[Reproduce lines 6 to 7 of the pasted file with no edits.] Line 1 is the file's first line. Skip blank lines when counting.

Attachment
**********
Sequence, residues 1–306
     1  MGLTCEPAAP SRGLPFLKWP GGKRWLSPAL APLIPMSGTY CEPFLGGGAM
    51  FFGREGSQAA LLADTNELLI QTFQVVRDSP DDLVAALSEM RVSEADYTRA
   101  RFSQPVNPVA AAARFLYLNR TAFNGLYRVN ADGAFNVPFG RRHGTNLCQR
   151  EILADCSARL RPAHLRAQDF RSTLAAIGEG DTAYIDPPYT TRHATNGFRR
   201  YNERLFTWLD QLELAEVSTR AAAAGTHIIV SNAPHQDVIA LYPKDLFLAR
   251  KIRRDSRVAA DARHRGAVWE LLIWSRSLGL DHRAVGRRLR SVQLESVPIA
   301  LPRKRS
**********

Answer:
   201  YNERLFTWLD QLELAEVSTR AAAAGTHIIV SNAPHQDVIA LYPKDLFLAR
   251  KIRRDSRVAA DARHRGAVWE LLIWSRSLGL DHRAVGRRLR SVQLESVPIA